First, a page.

Now because it is such a broad subject, my next tip would be to separate out the different elements of succession planning. So what I mean by that is there is typically succession planning needed for ownership of the shares in the business, the management of that business and the leadership of that business.
And by separating out those elements into separate strands and having separate plans in place for each of those breaks them down into more manageable chunks.
You’re not going to cover each of those thousand miles in the first a hundred or 200 steps, but you are making progress towards getting to that final destination by having that plan in place
Separating out the various elements of succession planning as well, allows you to break each of those down into its individual elements.
It doesn’t have to be something that is all swept up into one conversation and one decision.
I actually recorded an episode on The Three Elements of Succession with Daniel Trimarchi from KPMG, and if you want to go back and check out what we cover on that episode is Episode 61 and it is called The Three Elements of Succession. And it covers in a bit more detail, the ways in which to separate this out and how to deal with it.
So that it does break it down into more manageable chunks. It breaks it down into separate streams or strands or whatever you wanna call it. But it does make life easier by doing this rather than trying to keep everything in one broad subject.
So I recommend checking out that episode and the next tip in my top five tips for how to start succession planning is to, in order to make life easier for you in dealing with the issues that succession planning can create is having a look at what Governance you have in place for the business and in particular around the Family Governance.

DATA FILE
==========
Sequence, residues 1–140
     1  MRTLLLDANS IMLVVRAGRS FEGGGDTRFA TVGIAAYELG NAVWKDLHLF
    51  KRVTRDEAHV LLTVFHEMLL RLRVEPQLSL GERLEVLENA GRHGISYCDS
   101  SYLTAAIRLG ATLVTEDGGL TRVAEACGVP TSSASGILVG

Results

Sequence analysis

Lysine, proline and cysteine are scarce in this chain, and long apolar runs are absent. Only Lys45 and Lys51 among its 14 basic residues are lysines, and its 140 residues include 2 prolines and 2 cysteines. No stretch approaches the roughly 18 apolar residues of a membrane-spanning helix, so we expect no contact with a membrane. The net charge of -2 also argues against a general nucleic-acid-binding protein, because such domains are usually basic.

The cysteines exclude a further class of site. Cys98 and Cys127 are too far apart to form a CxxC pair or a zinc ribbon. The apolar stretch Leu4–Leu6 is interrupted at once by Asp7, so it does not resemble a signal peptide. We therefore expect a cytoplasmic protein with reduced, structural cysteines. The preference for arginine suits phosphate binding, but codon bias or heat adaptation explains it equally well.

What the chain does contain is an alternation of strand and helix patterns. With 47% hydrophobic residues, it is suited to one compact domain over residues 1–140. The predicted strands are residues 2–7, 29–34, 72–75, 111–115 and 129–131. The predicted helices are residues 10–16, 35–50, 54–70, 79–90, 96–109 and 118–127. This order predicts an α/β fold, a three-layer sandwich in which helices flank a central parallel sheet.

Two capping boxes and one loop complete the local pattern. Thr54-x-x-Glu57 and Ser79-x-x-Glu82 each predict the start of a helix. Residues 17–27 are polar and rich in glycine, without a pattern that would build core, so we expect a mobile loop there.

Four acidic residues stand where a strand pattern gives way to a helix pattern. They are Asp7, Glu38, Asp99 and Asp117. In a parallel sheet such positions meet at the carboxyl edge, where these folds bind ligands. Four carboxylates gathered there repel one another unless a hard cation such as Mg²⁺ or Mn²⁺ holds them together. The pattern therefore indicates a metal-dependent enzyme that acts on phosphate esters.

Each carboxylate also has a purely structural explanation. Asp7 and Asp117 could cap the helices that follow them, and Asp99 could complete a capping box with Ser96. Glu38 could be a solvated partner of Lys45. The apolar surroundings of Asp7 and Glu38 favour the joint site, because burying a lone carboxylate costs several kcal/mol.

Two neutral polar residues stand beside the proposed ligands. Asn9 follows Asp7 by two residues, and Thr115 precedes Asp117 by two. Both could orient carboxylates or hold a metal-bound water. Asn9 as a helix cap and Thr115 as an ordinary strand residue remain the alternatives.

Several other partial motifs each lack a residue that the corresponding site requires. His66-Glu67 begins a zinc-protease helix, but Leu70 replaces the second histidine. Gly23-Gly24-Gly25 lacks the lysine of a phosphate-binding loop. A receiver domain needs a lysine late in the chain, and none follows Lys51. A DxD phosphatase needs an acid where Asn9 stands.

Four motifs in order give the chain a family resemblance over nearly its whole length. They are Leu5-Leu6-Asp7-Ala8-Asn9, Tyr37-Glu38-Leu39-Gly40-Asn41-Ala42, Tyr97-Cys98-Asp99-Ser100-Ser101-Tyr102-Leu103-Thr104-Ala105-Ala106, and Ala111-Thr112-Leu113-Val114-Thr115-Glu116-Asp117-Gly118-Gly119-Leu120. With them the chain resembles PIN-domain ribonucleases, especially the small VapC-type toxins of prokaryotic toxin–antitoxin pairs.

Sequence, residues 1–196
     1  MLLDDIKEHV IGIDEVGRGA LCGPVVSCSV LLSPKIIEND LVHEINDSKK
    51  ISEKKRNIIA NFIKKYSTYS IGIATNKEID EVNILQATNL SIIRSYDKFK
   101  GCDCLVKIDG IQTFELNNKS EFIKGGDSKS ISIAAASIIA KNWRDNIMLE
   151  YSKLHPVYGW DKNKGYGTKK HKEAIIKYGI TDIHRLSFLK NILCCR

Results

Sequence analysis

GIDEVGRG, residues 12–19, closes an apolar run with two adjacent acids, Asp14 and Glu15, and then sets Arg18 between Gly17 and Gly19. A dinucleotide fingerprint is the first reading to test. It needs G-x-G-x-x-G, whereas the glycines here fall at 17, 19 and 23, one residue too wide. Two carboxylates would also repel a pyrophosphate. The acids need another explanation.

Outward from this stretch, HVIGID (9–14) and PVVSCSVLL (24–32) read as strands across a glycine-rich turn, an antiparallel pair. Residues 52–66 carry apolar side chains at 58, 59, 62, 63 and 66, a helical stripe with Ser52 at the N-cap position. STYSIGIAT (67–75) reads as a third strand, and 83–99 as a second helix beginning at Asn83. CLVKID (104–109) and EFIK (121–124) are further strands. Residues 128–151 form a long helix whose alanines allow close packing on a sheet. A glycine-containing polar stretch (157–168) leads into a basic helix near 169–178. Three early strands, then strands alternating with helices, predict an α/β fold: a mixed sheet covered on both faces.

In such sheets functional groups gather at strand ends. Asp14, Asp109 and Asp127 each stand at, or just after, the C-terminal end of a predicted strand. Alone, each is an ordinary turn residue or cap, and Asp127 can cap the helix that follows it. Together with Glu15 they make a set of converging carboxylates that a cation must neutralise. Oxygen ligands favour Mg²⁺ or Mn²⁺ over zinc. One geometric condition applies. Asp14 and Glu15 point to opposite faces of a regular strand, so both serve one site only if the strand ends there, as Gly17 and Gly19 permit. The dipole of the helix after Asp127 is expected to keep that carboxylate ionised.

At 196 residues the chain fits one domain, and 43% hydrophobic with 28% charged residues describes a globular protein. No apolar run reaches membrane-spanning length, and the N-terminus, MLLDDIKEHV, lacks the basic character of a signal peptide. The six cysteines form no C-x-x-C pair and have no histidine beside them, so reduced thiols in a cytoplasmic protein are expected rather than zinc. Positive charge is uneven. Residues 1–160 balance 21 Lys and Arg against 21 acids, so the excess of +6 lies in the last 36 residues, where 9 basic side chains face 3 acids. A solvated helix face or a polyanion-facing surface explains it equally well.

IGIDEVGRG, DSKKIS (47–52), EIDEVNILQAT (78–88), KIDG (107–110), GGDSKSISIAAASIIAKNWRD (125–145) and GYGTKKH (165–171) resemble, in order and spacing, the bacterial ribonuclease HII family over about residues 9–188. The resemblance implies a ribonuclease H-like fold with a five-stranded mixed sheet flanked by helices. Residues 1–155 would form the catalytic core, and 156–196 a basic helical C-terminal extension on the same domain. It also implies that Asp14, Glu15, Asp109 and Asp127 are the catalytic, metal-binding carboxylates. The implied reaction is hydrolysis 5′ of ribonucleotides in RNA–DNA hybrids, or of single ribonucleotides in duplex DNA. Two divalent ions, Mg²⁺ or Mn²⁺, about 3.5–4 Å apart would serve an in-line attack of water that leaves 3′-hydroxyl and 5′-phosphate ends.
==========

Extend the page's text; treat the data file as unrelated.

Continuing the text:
So there’s a whole series dedicated to this that was recorded last January, so if you haven’t listened to this series on Governance, head over to the website, and there’s a tab there that you can click on, that gives you the whole collection of Governance episodes. But what governance allows you to do is to have a discussion as a family around issues like who can own shares in the business.
Now what that helps to do is it, it, firstly, helps to document the views of the entire family around that particular subject matter. But when it comes to things like succession or transition planning, it’s almost as if there’s a, a guide set out before you from your previous discussions that can make life far easier.
So if, for example, it’s decided in your Family Charter that only bloodline relatives can own shares in the business, and the intention of the business is to provide ownership opportunities for family members in the future. And he’s never envisaged that this would be sold. It makes a decision around ownership, succession slightly more straightforward than if you haven’t had those discussions.
Now that’s not to say that governance is set in stone, but it at least gives you a guideline and a track for you to run on when it comes to having these discussions around succession. If we take another example around management, some families have a criteria for their next generation to join the business, a path that they have to follow and certain sets of qualifications or experience that they have to demonstrate in order to take up a senior role within the business.
That means that if you’re then talking about management succession and there’s nobody within that next generation that has completed that, that you’re going to have to look at alternatives either as a bridge until the Next Gen plug that gap. Or if in fact there is nobody suitable in the next generation to take on that management position because they followed their own career paths or they have not followed the.